So, what do we do?
The Buddha gave us an outline called “the eightfold path”. This path gives us a practice to overcome suffering. There are these eight things that are conducive to our awakening, to helping us overcome our suffering by seeing reality as it really is. I’m going to go over those eight now.
- Right View: This is cultivating an expansive view that isn’t so caught up in our narrow preconceptions, emotional baggage, and I-Me-Mine thinking all the time. This is a view that sees that things are always changing and that nothing is independent of anything else. We are parts of a whole.
- Right Intention: This means we are in this for the right reasons. We’re doing this to lessen our suffering. Therefore we take it seriously.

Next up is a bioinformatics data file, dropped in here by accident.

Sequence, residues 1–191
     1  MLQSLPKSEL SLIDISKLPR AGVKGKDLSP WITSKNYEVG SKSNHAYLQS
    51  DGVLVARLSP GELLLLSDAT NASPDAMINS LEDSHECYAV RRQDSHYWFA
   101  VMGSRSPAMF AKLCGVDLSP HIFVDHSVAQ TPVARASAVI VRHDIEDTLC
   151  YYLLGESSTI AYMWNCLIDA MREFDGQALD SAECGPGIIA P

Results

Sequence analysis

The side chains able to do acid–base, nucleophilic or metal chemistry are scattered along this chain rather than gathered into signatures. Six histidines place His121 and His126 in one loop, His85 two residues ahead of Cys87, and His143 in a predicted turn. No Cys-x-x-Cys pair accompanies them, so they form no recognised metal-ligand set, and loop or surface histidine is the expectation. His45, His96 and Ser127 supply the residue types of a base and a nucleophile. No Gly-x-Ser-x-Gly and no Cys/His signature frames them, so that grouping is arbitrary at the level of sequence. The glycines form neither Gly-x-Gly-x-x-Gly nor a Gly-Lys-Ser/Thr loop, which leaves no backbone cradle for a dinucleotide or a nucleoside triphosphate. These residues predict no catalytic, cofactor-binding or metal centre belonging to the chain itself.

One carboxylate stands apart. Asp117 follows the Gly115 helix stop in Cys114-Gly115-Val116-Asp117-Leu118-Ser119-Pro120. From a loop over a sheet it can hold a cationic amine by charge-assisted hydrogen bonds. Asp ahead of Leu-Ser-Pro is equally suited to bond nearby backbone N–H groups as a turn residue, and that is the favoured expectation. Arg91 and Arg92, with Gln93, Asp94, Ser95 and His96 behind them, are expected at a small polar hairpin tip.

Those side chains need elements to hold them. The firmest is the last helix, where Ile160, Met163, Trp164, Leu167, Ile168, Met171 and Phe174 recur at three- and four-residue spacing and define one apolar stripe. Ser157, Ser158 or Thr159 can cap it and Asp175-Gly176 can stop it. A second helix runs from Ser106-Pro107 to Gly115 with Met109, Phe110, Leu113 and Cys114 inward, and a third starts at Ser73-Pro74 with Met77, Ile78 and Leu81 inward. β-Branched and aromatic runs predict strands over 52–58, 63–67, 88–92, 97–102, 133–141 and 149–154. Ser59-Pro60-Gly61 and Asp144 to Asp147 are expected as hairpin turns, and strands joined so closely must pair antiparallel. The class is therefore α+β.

- Right Speech: We want to be honest and forthright. Avoid lying. Lies distract us. Also avoid harsh speech and gossip. Use your words to be kind. We can do so much harm with our words.
- Right Action: Do good deeds, but also act from a state that’s not so connected to outcomes. Don’t help someone in the hope that they will later help you. Help them just to help them.
- Right Livelihood: Earn a living in a way that promotes honesty and harmony.
- Right Effort: Cultivate a determination to be engaged in each moment and to abandon delusion. Be diligent.
- Right Mindfulness: Keep in mind the real problem, suffering, and also be here now. Observe the mind and become aware of how it works.
- Right Meditation: Training the mind to be focused and aware, not just on the meditation cushion, but all the time.
That’s it. The four noble truths is really the first teaching that the Buddha gave and many would argue that it’s the most important.
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